LAHORE Pakistan (Reuters) - Pakistani police have arrested the son of a landowner for an assault on a 10-year-old boy which resulted in his injured arms being amputated, the latest case highlighting harsh treatment of villagers by so-called feudal families.
A tiny number of families own huge tracts of land in Pakistan, in particular its bread-basket province of Punjab, and political parties woo the families, hoping to win the votes of the villagers working for them.
Police said the injured boy’s father, Muhammad Iqbal, had a long-running dispute with landowner Ghulam Ghaus who accused Iqbal of letting his cows graze on his land in central Punjab.
“Iqbal’s son, Mohammad Tabassum, was grazing the cows near Ghaus’s fields on Monday when one of the cows went on his land,” district police officer, Rai Ijaz Ahmed, said on Friday.
The landowner’s son, Ghulam Mustafa, beat up the boy, tied up his hands and then threw him onto a well where his arms were mangled in the well’s pump, Ahmed said.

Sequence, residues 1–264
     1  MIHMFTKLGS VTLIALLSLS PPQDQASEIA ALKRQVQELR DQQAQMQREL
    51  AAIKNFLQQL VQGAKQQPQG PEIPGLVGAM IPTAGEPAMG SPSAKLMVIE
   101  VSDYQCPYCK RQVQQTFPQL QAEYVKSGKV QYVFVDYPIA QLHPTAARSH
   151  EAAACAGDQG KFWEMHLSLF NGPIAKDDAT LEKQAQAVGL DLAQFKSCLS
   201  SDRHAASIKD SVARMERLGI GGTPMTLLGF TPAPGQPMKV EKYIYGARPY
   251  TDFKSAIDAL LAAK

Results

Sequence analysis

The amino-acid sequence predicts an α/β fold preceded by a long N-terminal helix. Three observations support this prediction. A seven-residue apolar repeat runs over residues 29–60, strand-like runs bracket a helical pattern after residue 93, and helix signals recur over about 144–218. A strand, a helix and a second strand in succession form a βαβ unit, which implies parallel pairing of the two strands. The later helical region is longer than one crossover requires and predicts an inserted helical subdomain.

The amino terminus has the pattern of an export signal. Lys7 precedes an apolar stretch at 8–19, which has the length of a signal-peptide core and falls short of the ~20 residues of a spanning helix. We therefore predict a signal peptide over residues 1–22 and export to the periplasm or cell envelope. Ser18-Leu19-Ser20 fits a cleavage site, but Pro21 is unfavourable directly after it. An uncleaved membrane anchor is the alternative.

“The arms were left attached just by a bit of flesh and doctors had to completely amputate them,” he said.
Police arrested Mustafa and a court ordered he be held for 10 days, Ahmed said. Landowner Ghulam Ghaus could not be reached for comment.
The chief minister of Punjab has ordered police to investigate and the province’s child protection and welfare bureau said it was looking into the matter.
According to the World Bank, about two percent of households in Pakistan control more than 45 percent of the total land area.
Most landowners do not pay tax, as agriculture is not taxed in Pakistan, and many of them have earned a reputation for the callous treatment of the landless families who work their land.
Landowners and their political allies have long managed to block bids to introduce land reform or tax agriculture.
“Feudal lords”, or their sons or daughters, often enter politics and win their constituencies on behalf of mainstream parties including the Pakistan Muslim League of Prime Minister Nawaz Sharif, whose power base is Punjab.
(This story fixes spelling of graze in paragraph 3)
Writing By Mehreen Zahra-Malik; Editing by Robert Birsel